GUILD - Genes Underlying Inheritance Linked Disorders - Network-based disease-gene prioritization algorithms
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GUILD - Genes Underlying Inheritance Linked Disorders

GUILD (Genes Underlying Inheritance Linked Disorders) is a framework built for the prioritization of disease candidate genes using a priori gene-disease associations and protein interactions. GUILD consists of implementations of 8 algorithms: NetScore, NetZcore, NetShort, NetCombo, fFlow, NetRank, NetWalk and NetProp. NetScore, NetZcore, NetShort, fFlow and NetRank are implemented in C++ while NetWalk and NetProp are implemented in R and NetCombo is a Python script combining the results of NetScore, NetZcore and NetShort. In this manual, we describe how to use these programs included in GUILD framework.

In brief, GUILD is a software suite providing command line interface for the following network-based disease-gene prioritization algorithms:

  • NetScore
  • NetZcore
  • NetShort
  • NetCombo
  • Functional Flow
  • NetRank (PageRank with priors)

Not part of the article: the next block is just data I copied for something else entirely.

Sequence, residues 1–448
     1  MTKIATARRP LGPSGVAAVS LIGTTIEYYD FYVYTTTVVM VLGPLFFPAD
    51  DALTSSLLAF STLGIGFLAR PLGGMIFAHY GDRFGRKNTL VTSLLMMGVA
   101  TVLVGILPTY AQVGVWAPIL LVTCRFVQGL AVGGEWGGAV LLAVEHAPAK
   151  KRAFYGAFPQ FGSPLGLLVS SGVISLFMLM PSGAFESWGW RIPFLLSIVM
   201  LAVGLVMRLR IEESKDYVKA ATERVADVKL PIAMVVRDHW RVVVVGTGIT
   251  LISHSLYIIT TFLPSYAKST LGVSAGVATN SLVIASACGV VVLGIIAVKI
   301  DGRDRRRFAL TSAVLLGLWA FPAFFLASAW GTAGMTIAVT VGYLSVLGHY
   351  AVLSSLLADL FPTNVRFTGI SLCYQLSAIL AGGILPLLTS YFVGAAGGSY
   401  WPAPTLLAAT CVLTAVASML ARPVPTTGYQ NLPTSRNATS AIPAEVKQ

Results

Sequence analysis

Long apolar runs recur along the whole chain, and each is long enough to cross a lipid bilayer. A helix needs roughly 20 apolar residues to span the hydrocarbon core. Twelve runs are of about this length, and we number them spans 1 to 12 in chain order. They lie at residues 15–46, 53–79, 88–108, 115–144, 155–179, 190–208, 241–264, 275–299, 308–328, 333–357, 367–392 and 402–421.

• Random walk with restart
  • Network Propagation

Documentation available at doc and on the web.




  • GCC (GNU project C/C++ compiler) (version 4.3 or higher)
  • make (GNU project utility to maintain groups of programs)
  • BOOST lib (tested with boost_1_41_0 and boost_1_62_0)
  • R (version 2.12.1 or higher) (only required for running NetWalk and NetProp)

Unix-like operating systems typically ship with these programs. If not these programs are freely available online. Note that, Windows users can have the fundamental environment for the installation (GCC and make) through MinGW (http:// ) or Cygwin ( ). R is a free software environment for statistical computing and graphics and available at /.

For Python scripts used to create input files see guild_utilities in toolbox package.


Clone this repository or download and unpack the source package guild.tar.gz e.g. as follows

Using github

\$> git clone guild

If you use the source code from github, you have to download the Boost C++ lib and extract it in "guild" folder where the repository is cloned.

Using SBI mirror

\$> wget
\$> tar xvzf guild.tar.gz

Then, go to the cloned/extracted directory

\$> cd guild

Next, go to the src folder and issue make command as below. Beware that make command in MinGW can have a different name (e.g. mingw32-make.exe). MacOS users: use make -f Makefile.mac instead of make command below (available in the github version of the code).

\$> cd src